Electric buses to harness solar energy using a microgrid

The first microgrid to power electric buses will soon debut in the Washington area as transit agencies across the country increasingly turn to the sun — rather than diesel — to power their fleets.

The system will launch in September, powering a growing number of electric buses on Montgomery County’s Ride On transit system. The Silver Spring facility will be the first in the DC area to use microgrid technology and one of the first of its kind nationally.

The microgrid will use power from solar panels at a bus depot rather than the traditional electric grid – the process used by most transit agencies with electric buses. The transition comes as jurisdictions across the country seek to electrify their bus fleets to combat climate change and amid financial windfalls from last year’s Infrastructure Act, which includes $109 billion for the public transport.

The push for the Maryland project stems from the county’s climate goals, which include converting its public vehicles to zero emissions by 2035. The county plans to add 10 electric buses to its existing fleet of more than 370 gas-powered buses buses by the end of the summer and plans to purchase 100 more by the end of 2023.

The Brookville Bus Depot will eventually load up to 70 buses. The county is looking to install microgrid facilities at several of its bus depots to house the growing fleet.

“That’s the kind of thing we need to do to meet our climate goals,” Montgomery County Executive Marc Elrich (D) said during a recent tour of the Brookville depot. “The grid is clean, so the cleaner the energy we use, the more likely we are to be successful in reducing our total greenhouse gas emissions. That’s the point.

The county financed the project through a public-private partnership with Alpha Struxure, a joint venture between the Carlyle Group, an asset management company, and energy supplier Schneider Electric. Alpha Struxure provided the county with money to purchase the microgrid infrastructure, and then the county will repay the company over 25 years in monthly installments, using revenue generated from the sale of electricity from the grid.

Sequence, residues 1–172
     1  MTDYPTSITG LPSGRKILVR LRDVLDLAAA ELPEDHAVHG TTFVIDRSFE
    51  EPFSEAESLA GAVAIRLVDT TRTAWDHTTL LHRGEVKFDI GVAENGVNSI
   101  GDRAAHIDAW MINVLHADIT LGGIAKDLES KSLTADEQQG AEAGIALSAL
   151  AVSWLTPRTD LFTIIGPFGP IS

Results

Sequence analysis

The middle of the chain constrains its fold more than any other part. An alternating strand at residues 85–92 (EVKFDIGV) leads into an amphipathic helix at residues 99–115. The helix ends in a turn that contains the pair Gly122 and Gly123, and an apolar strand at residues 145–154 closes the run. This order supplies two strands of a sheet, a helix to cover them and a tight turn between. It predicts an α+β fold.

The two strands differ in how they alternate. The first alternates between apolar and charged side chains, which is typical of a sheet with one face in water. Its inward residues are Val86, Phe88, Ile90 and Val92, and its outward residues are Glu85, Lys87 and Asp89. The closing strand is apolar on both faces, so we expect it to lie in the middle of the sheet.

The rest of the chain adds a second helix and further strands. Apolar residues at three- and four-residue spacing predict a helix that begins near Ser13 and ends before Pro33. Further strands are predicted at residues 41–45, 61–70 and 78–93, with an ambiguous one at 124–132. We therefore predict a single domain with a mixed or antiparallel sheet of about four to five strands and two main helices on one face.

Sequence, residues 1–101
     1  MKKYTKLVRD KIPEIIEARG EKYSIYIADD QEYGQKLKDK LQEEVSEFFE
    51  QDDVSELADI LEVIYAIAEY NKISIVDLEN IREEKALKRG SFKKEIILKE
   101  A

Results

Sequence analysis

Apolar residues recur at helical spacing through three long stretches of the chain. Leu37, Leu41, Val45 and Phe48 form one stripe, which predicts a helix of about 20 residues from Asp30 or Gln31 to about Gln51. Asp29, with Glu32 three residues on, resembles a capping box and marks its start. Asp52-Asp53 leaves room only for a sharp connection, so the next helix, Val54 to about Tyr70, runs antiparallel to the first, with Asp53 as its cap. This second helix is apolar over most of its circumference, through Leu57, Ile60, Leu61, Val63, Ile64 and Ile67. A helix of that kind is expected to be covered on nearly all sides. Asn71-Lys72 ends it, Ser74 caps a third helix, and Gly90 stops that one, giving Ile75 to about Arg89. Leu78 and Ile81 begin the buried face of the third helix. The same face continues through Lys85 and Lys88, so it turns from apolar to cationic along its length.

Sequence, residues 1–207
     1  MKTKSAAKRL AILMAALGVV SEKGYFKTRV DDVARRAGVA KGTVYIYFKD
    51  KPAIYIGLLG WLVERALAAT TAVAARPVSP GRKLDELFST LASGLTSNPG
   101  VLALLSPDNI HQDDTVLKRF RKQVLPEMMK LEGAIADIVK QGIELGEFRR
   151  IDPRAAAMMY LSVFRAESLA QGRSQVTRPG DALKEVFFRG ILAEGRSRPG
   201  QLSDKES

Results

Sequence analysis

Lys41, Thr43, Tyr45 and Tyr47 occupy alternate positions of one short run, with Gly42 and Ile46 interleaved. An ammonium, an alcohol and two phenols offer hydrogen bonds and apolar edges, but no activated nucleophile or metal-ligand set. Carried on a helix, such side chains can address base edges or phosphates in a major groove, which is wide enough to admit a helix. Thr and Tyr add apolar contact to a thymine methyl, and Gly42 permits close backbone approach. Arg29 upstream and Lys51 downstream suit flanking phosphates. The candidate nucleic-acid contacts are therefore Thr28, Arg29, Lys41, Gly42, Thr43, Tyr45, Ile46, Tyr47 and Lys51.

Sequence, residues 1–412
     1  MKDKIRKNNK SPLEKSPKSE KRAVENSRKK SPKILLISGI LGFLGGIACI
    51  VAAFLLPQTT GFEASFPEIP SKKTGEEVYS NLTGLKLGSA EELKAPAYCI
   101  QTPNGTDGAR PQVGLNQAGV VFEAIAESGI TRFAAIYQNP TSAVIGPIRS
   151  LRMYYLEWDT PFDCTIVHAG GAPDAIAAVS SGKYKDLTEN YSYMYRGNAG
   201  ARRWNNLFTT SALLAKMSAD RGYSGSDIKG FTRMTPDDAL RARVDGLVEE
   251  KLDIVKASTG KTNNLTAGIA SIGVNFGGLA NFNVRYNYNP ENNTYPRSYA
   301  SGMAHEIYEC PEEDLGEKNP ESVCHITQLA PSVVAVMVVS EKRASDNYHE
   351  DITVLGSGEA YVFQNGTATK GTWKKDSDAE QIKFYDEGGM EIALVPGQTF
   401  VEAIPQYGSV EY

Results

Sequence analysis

The county purchased the buses with grants from the Federal Transit Administration, said Montgomery County fleet management services division manager Calvin Jones.

The Brookville Bus Depot will be the first microgrid in the county to be used for transportation purposes, although the technology will be used elsewhere in Montgomery. The county’s public safety headquarters is powered by microgrids, while the county also plans to use microgrids on its Gaithersburg bus deposit and its Head office of animal services.

Canopies of solar panels stretching across the bus depot will capture energy to recharge the buses’ batteries. The microgrid can storing energy from solar panels, natural gas power generation and electric utility, Jones said.

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The microgrid was also designed to withstand natural disasters and power grid disruptions.

The process of electrifying bus fleets across the country is “slow,” said Sebastian Castellanos, senior research associate at the World Resource Institute’s Ross Center for Sustainable Cities. The technology is available for years, but he said transit agencies need to move beyond testing and pilot programs to embark on rollouts.

“Diesel engines and gasoline engines are very inefficient machines,” Castellanos said. “Even if the network is not 100% clean, the efficiency gains are usually enough to offset any additional emissions from the network.”

The biggest hurdle for transit agencies to electrify their fleets is upfront costs, he said, adding that the infrastructure law – which allocate $5.6 billion to help agencies transition to low- or zero-emission buses and purchase maintenance infrastructure — will help.